The next step is for the PV participants to present their film to members of the innovation platform who consist of local government administration, bureau of agriculture, national research institutes, a local NGO and community representatives. In the two meetings held by the platform so far, unrestricted grazing has been identified as a priority issue for action. This decision has been taken without significant input from community members who see the issue from a different perspective. PV has enabled participants to clearly articulate their views and it is hoped that this can provide a starting point for discussion and as such influence any future action taken by the platform, but this process will need to be monitored.

Despite the benefits, PV is not a ‘silver bullet’ and is not necessarily appropriate for all situations and contexts. There is always a danger that the process can be misunderstood so it is essential that the aims are clear to all involved. If the aim is to convey community perspectives then there needs to be an understanding that this may include views that those at higher levels may not want to hear. It is also easy for the process to be hijacked. Video is an attractive medium and cameras have power but this power can be misused or misdirected, for example, to convey political messages or top-down objectives to farming communities thus reinforcing existing paradigms.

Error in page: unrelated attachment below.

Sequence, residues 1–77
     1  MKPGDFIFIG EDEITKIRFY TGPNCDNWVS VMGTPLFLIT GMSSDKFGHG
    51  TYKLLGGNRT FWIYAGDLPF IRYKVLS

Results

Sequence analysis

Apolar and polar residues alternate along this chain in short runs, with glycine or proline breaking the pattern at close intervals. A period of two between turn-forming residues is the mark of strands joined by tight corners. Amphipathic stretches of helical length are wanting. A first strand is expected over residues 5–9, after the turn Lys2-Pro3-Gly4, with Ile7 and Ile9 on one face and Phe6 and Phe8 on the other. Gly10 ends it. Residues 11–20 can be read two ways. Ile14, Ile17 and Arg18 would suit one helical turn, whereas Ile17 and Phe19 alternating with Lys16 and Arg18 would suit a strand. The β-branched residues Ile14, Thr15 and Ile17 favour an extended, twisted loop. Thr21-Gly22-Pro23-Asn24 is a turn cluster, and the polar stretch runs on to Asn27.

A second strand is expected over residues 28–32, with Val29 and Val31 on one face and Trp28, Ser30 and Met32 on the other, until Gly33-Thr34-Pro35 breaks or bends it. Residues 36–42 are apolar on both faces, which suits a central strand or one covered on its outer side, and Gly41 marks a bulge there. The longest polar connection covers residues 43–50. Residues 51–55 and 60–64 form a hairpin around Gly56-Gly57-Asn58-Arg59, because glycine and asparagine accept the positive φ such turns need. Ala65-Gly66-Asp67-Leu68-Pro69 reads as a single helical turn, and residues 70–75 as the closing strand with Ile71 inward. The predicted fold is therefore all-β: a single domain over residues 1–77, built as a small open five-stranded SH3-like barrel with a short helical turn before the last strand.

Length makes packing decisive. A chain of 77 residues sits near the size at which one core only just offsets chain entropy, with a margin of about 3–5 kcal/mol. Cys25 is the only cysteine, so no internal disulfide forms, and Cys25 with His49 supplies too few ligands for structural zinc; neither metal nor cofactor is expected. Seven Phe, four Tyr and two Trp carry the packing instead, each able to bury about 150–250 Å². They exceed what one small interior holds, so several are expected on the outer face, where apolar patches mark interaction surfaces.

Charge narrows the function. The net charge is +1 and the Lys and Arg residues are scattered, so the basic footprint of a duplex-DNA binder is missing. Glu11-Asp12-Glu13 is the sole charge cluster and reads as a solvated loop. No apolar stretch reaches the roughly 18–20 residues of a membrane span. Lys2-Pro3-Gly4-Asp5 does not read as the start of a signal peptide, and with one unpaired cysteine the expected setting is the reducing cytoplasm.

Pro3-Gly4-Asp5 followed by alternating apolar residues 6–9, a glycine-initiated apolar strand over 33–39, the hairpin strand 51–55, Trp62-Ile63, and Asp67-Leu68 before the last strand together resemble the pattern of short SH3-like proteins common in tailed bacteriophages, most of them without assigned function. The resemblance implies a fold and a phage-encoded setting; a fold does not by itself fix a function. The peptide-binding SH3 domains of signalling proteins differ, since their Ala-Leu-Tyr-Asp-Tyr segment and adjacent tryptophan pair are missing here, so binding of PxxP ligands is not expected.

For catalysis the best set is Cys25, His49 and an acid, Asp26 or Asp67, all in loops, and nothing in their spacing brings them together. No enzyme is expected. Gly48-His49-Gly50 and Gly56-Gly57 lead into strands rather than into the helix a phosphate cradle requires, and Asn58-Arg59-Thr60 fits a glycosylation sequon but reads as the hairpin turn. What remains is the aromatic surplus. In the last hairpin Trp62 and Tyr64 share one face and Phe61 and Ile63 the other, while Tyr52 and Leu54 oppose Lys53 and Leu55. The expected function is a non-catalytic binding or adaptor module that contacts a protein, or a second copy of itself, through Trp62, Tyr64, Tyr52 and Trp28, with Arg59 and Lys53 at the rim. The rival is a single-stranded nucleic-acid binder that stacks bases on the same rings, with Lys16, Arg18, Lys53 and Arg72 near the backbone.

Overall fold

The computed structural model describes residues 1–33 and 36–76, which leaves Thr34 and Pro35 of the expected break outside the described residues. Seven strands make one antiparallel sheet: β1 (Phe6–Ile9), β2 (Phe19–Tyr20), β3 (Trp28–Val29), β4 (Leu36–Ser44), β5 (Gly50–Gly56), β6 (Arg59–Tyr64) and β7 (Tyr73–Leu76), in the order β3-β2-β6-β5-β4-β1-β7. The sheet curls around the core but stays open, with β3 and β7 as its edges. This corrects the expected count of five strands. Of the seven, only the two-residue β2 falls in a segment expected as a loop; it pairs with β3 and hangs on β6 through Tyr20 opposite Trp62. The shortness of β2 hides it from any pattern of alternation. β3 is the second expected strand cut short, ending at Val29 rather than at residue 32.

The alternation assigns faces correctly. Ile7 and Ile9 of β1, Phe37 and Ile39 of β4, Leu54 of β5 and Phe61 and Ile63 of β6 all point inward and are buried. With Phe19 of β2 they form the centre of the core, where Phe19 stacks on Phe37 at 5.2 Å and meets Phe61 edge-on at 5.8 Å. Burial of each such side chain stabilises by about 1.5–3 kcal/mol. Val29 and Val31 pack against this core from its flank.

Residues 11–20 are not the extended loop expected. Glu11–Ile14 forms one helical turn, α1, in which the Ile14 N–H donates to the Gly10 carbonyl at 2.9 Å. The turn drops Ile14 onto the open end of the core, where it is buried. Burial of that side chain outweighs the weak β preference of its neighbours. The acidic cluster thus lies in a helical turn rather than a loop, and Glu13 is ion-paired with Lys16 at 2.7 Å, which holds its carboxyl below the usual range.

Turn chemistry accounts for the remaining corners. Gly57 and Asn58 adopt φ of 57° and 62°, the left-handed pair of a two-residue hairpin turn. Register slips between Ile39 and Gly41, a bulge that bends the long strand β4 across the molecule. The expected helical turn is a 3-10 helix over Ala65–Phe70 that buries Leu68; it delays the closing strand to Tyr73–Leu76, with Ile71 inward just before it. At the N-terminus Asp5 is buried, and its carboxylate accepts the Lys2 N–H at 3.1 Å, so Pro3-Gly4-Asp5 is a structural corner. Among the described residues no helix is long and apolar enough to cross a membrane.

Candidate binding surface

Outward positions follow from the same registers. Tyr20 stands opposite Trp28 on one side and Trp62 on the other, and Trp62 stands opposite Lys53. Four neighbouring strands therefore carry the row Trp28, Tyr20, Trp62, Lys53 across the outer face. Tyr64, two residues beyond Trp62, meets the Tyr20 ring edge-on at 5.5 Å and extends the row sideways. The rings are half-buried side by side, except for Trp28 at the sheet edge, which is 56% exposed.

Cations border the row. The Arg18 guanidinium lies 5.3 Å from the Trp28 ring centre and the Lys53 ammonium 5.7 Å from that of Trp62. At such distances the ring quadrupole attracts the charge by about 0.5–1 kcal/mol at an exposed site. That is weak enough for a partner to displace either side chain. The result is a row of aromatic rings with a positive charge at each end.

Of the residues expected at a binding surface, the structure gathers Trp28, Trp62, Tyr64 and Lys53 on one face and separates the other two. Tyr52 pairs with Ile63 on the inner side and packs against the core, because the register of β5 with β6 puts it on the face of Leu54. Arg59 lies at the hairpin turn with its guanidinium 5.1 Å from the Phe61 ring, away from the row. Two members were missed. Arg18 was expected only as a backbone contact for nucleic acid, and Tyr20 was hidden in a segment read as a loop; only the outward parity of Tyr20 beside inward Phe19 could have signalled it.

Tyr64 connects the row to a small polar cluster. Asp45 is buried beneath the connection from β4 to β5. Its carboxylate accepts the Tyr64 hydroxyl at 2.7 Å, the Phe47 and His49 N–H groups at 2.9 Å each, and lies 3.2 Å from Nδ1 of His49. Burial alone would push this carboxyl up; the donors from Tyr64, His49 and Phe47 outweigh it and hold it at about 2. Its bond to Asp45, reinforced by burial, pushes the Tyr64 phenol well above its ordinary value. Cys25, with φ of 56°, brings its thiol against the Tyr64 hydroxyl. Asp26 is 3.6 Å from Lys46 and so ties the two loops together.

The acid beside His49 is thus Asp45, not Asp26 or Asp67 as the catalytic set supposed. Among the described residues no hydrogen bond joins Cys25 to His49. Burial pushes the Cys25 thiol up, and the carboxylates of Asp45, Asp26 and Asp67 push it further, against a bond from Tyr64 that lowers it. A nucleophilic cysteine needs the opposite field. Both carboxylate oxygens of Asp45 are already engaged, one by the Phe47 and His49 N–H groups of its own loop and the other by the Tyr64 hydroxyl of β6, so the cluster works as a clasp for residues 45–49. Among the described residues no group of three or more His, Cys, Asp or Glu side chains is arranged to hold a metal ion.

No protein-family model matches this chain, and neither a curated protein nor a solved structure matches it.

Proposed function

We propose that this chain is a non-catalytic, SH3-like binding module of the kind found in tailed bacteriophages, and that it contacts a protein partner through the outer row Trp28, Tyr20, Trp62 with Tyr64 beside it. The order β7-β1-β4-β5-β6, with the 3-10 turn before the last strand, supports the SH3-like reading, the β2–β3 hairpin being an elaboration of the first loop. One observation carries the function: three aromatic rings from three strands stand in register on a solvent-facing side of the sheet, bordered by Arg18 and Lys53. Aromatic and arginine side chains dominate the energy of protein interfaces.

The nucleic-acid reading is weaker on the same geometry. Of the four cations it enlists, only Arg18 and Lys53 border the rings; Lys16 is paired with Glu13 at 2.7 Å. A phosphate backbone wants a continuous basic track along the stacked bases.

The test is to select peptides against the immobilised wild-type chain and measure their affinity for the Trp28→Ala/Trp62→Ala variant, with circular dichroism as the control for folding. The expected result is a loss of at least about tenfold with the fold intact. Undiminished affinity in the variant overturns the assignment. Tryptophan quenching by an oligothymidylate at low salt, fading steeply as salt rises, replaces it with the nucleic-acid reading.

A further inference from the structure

The aim of PV is to give voice to the voiceless. PV offers a way of feeding views from farmers to researchers and decision makers, after which the intended audience can formulate a response thereby establishing a two-way communication channel. But this process alone is not enough. Opportunities and spaces need to be created whereby farmers can identify and determine solutions to their own problems as well as seek external assistance and access outsider knowledge. It has been shown that research and development approaches which actively involve farmers have a much greater chance of success. A constant refrain throughout the film is the importance of community decision-making. The film is titled ‘A Rope to Tie a Lion’ which comes from the Amharic proverb: ‘when individual threads unite, they can form a rope to tie a lion’.

Community members watch the films and comment

Video to come soon!

Earlier this year the  CGIAR Challenge Program for Water and Food (CPWF) awarded $19,905 to the Nile BDC to investigate and document the effectiveness of participatory video (PV) as a tool to bring local issues to the attention of planners and implementers of rainwater management interventions in Ethiopia.